5 Organizing “Hacks” Pros Want You to Stop Trying

Step away from the clear containers.

Interior. Jars and and boxes in the kitchen cupboard
Ekaterina_Marory / Getty Images

When it comes to decluttering your home, there’s never a bad time to get started—though there are times of year, such as spring and back to school season, when you (and everyone you know) may feel the urge to start organizing your space. Around those times of year (or whenever you go looking for them), you’ll find plenty of advice and hacks for making your organizing job just a little bit easier

But some of those organizing hacks might seem slightly suspect. (Does a pantry full of clear containers really stay looking so neat and orderly all year round?) In an effort to figure out which hacks really work (and maybe make ourselves feel better about the perpetual state of our own junk drawers), we turned to the experts to ask: What popular organizing tricks do experts actually avoid?

Relying on Rainbow Color-Sorting

As mDesign spokespeople, Ryan Eiesland and Brandie Larsen of the Home Sort are well-versed in which storage solutions work and which don’t. When it comes to rainbow-themed organizing methods (such as color-coding your closet), they say leave it.

“[A hack] that we find NEVER works for our clients: ROYGBIV color sorting,” say Eiesland and Larsen. “This has been a strong trend over the last few years and, sure, it is Pinterest-worthy, but it’s so unpractical. Most of our clients don’t have homes where the ROYGBIV sorting method coordinates. In fact, rainbow coloring sort can tend to feel a bit juvenile.” 

Rather than incorporating a rainbow of bright colors into your place, Eiesland and Larsen have another solution. “A better option is to sort like items together and use something neutral to house them,” they say. “mDesign has so many naturally woven bins and baskets that work wonders for any space. The right bin will help keep you organized and look good while doing it.”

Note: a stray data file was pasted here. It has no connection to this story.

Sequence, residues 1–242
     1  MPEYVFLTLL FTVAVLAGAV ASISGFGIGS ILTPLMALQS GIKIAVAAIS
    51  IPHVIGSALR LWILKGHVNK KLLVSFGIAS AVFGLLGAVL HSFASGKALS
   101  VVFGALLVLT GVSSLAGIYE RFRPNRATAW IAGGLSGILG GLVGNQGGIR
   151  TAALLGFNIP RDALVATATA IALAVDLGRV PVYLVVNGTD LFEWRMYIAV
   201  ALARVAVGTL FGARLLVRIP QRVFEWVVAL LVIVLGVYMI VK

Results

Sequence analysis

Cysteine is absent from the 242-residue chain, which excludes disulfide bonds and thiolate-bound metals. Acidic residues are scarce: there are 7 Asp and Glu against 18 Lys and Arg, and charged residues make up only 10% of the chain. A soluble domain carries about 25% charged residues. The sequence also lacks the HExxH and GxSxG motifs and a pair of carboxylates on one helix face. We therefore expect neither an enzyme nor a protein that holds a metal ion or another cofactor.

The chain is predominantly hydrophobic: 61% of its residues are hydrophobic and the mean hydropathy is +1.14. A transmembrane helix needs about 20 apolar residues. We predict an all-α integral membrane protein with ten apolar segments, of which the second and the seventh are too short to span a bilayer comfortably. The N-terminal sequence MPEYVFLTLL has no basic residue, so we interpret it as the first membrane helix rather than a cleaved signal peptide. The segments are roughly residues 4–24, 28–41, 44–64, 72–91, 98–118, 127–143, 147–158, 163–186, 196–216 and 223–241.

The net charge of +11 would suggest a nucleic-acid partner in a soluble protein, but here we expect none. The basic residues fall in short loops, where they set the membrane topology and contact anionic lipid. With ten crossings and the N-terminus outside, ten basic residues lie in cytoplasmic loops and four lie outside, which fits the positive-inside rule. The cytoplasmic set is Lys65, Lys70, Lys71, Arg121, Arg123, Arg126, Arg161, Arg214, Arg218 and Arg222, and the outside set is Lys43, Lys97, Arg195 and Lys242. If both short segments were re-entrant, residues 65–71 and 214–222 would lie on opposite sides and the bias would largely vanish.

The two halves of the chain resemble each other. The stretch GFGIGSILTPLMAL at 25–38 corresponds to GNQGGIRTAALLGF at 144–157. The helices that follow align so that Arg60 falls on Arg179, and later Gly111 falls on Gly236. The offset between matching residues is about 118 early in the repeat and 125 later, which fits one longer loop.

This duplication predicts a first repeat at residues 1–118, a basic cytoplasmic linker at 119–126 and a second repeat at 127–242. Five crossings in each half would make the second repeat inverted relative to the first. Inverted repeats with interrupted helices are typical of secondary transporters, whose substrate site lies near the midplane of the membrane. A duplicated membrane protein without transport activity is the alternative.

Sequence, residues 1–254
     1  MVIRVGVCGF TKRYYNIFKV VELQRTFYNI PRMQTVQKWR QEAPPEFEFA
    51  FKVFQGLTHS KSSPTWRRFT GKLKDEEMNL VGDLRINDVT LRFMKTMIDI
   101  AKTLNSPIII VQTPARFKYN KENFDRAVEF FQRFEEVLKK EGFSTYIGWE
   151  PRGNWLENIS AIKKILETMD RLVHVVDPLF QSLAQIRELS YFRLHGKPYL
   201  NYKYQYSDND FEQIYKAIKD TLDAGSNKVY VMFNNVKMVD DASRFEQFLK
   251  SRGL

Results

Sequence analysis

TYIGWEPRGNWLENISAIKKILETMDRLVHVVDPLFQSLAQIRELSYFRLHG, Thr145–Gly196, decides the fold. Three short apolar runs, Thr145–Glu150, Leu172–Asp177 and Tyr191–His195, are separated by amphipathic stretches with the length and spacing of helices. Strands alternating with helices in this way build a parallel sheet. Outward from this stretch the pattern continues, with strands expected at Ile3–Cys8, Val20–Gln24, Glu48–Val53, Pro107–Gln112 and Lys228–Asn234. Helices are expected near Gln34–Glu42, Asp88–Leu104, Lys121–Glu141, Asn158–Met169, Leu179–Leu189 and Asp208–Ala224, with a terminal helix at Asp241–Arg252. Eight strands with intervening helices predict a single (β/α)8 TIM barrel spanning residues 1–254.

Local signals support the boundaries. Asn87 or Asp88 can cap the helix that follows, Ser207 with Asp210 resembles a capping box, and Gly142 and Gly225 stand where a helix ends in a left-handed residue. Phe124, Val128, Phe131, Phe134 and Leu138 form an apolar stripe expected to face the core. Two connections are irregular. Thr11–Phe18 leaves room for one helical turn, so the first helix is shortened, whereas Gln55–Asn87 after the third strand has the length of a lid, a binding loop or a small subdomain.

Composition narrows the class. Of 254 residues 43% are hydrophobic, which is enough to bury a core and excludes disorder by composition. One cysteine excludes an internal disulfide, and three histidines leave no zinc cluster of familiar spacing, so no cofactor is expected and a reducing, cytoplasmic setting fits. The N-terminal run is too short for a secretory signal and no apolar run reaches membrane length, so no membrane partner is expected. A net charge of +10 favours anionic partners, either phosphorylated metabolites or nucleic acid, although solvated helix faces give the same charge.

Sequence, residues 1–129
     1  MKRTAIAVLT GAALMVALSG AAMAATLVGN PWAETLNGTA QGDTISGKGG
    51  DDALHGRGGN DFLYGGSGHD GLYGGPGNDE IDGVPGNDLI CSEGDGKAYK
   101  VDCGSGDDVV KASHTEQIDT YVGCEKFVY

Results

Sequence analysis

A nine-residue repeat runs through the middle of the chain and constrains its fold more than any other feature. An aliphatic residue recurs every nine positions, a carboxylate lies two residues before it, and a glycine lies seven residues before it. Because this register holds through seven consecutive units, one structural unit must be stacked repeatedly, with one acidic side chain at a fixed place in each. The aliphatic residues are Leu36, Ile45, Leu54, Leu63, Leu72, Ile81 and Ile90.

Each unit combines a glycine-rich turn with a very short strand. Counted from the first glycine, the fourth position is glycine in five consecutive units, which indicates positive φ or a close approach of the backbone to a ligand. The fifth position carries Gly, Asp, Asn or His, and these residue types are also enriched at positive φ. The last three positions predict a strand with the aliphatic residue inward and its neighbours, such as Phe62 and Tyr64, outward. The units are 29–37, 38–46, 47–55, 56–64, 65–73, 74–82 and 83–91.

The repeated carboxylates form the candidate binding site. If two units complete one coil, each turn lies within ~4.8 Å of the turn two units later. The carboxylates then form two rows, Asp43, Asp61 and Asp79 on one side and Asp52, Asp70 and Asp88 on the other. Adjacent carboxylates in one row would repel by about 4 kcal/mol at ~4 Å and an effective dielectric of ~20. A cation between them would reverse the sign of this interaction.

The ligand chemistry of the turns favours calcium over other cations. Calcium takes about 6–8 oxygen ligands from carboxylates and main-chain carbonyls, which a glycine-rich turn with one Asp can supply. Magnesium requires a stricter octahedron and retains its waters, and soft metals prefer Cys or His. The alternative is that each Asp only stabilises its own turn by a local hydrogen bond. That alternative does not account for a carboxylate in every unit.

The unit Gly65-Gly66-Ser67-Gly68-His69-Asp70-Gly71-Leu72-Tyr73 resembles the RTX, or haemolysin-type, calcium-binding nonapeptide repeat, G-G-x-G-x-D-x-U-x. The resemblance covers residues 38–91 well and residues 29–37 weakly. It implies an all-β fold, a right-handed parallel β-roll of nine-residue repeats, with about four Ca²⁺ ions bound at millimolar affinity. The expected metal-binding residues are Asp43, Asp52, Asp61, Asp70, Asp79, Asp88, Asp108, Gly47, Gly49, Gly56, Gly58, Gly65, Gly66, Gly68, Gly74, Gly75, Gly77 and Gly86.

Using Too-Large Storage Cubes for Kids’ Items

While Eiesland and Larsen love certain storage containers, there’s one style they say to avoid. “The large storage cubes that are often used for kids’ toys do not work,” says the Home Sort duo. “They are often either too large for smaller toys, so they fall to the bottom and get lost, or for larger toys and stuffed animals: too small. The size just doesn’t work. Instead, opt for large baskets for oversized toys and smaller divided bins for tiny toys.”

Decanting Everything Into Clear Containers

Kathryn Lord from More to Organising feels strongly that the trend of emptying everything into new containers has got to go.

“[My site] More to Organising is about making your life easier, not harder,” says Lord. “While using see-through containers can make sense for dry foods, decanting other things—such as herbs and spices, sauces, or even lotions and shampoos—is not only time-wasting but means you have bought even more plastic.”

The good news? Lord encourages everyone to use what they’ve got. “With my clients, as much as possible, I use what they already have for storage more effectively rather than mindlessly buying more containers. It’s better to reduce what you have instead of creating more space for clutter!” Lord says.